$120 million to support next-generation battery research

UChicago a partner on Argonne-led center to improve energy storage

The U.S. Department of Energy announced its decision Sept. 18 to renew the Joint Center for Energy Storage Research, which is led by Argonne National Laboratory and focused on advancing battery science and technology. The department plans to fund the center for a total of $120 million over the five-year renewal period. The University of Chicago is one of the partners in the center, known as JCESR.

“Advances in energy storage will drive U.S. prosperity and security,” said Argonne Director Paul Kearns. ​“By enabling partners across the national labs, academia and industry to forge collaborations and leverage one-of-a-kind scientific tools, JCESR will continue taking on profound scientific and technological challenges and fueling the innovation that will secure our energy future.”

Established in late 2012, JCESR is a partnership made up of national laboratories, universities and an industrial firm. Its mission is to create next-generation energy storage technologies that will transform transportation and the electric grid in the same way lithium-ion batteries transformed personal electronics.

“JCESR’s first five years have yielded important science breakthroughs, helped launch three startups—Blue Current, Sepion and Form Energy—and produced more than 380 published scientific papers,” said JCESR Director George Crabtree. ​“The knowledge we’ve gained has introduced new approaches to battery R&D and will guide our research in transformative materials for next generation batteries for many years in the future.”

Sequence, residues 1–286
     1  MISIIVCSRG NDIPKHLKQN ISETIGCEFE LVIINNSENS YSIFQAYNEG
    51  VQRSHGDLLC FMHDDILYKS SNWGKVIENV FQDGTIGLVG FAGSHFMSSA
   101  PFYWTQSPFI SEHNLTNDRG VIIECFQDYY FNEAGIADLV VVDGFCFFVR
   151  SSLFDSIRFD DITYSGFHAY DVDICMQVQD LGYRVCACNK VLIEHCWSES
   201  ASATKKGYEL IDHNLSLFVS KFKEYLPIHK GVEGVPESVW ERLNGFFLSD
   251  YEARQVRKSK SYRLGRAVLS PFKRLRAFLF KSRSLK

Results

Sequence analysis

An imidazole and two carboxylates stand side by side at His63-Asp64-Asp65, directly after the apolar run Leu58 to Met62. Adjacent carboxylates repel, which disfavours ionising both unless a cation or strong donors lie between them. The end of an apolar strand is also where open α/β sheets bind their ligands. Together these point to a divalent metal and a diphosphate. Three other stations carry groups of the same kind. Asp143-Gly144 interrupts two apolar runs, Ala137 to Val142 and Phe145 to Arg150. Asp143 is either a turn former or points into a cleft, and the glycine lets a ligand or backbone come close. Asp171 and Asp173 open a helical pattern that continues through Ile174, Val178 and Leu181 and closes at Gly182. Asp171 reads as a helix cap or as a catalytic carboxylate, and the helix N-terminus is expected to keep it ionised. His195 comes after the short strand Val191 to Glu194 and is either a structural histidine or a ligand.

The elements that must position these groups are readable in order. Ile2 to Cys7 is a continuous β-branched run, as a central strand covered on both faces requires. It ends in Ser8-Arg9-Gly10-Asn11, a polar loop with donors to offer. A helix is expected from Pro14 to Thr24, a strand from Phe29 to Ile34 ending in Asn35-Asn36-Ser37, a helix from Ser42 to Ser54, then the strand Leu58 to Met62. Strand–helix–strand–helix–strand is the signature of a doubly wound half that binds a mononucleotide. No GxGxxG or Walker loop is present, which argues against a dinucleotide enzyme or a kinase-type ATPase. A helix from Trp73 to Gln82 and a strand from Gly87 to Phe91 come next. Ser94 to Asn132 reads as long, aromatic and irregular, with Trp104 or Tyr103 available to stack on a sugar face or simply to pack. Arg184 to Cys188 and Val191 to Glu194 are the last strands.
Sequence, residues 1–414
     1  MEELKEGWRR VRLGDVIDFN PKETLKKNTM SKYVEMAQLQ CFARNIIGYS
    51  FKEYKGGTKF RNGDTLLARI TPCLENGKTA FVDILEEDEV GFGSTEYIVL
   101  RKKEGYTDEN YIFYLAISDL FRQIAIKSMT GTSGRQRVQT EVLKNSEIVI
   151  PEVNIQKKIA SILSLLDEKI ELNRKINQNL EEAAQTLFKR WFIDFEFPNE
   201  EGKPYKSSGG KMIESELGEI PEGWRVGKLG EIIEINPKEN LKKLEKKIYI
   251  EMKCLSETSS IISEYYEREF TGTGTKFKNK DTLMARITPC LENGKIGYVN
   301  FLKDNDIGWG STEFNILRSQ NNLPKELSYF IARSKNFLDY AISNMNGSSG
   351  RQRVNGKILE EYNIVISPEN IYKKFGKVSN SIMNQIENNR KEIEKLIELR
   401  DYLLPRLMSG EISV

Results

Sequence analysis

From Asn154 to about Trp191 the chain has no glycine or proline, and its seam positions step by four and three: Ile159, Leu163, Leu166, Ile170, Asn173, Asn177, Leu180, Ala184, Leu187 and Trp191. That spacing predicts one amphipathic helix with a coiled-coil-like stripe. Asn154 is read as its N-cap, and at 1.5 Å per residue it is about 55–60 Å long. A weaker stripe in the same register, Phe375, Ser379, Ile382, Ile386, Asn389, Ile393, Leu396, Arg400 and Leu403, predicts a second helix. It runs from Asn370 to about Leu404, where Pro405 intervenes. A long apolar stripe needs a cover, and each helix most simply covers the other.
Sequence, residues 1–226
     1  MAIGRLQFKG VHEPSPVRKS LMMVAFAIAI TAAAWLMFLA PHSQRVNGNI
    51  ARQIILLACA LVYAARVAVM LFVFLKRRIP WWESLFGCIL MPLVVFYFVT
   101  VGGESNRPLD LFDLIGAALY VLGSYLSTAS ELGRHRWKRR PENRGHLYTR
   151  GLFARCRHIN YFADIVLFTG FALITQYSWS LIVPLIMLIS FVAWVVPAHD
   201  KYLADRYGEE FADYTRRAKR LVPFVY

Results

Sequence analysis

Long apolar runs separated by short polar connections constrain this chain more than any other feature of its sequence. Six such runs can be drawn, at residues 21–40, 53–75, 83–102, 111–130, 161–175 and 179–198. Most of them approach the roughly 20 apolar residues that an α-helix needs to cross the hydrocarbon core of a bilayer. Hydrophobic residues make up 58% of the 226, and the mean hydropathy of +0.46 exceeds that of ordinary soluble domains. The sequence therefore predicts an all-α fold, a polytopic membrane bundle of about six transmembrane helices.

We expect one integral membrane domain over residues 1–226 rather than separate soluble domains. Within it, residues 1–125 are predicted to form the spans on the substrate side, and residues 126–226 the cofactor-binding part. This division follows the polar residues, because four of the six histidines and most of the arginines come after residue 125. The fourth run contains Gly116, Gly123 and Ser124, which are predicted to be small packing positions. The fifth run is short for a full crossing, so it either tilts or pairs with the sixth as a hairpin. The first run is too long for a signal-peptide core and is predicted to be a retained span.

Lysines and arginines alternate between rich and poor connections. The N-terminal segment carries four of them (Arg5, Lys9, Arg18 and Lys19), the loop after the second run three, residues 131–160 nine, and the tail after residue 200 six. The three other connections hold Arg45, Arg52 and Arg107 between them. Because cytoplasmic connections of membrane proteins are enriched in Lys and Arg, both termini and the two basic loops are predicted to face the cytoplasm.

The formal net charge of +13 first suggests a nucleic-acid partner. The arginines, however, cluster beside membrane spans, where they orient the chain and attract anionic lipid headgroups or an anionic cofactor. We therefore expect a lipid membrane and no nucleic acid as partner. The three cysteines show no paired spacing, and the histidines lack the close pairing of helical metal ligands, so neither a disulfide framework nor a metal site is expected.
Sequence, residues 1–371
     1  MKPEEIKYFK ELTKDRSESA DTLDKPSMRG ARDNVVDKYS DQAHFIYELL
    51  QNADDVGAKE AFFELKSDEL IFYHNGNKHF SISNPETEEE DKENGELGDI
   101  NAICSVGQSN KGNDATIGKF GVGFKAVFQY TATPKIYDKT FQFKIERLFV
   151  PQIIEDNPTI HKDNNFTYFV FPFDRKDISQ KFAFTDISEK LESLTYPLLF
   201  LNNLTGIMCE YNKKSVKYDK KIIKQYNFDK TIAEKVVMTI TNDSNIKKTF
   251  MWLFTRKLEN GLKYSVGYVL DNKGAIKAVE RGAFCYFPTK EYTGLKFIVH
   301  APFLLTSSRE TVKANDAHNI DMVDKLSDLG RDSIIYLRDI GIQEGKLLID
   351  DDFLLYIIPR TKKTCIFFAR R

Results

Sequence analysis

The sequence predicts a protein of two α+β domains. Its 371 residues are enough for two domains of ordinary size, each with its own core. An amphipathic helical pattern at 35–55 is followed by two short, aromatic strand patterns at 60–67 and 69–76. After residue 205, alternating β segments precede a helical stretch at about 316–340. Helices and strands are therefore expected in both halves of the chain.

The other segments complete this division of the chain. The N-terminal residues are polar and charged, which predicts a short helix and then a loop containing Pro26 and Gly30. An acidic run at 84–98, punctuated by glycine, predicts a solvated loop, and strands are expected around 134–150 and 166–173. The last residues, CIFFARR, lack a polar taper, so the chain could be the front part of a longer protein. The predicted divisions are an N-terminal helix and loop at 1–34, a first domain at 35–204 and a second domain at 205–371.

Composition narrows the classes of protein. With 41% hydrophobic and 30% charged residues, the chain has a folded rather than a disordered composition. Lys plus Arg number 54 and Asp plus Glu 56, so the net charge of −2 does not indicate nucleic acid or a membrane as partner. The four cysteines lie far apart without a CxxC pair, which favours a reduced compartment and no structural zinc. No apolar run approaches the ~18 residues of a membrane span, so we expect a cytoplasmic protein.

In addition, using computational methods, JCESR researchers screened over 24,000 potential electrolyte and electrode compounds to help accelerate the search for new battery architectures, data that was made publicly available to the broader battery research community.

The announcement was made by Department of Energy Under Secretary for Science Paul Dabbar at the InnovationXLab Energy Storage Summit held at SLAC National Accelerator Laboratory.

In the next five years, JCESR’s vision is to create disruptive new materials deliberately constructed from the bottom up, where each atom or molecule has a prescribed role in producing targeted overall materials behavior.

Future JCESR research will be aimed at energy storage technology for a host of emerging applications, including resilient future electric grids, distributed energy management for more reliable and efficient energy delivery under all conditions, fast-charging electric vehicles and even regional electric flight. While energy storage remains the key for all of these applications, no single battery type is capable of filling all the widely varying requirements.

What is needed, according to Crabtree, is a range of designer batteries, each tailored to the requirements of its host application. At the same time, each of these designer batteries must perform multiple, often competing tasks such as frequent cycling and long life, high energy density and slow self-discharge, or fast charging with little or no safety risk. The mission of the renewed JCESR is to create the science to, in the words of Crabtree, ​“lay the foundation for a diversity of next-generation batteries for a diversity of uses.”

—Adapted from the release by Argonne National Laboratory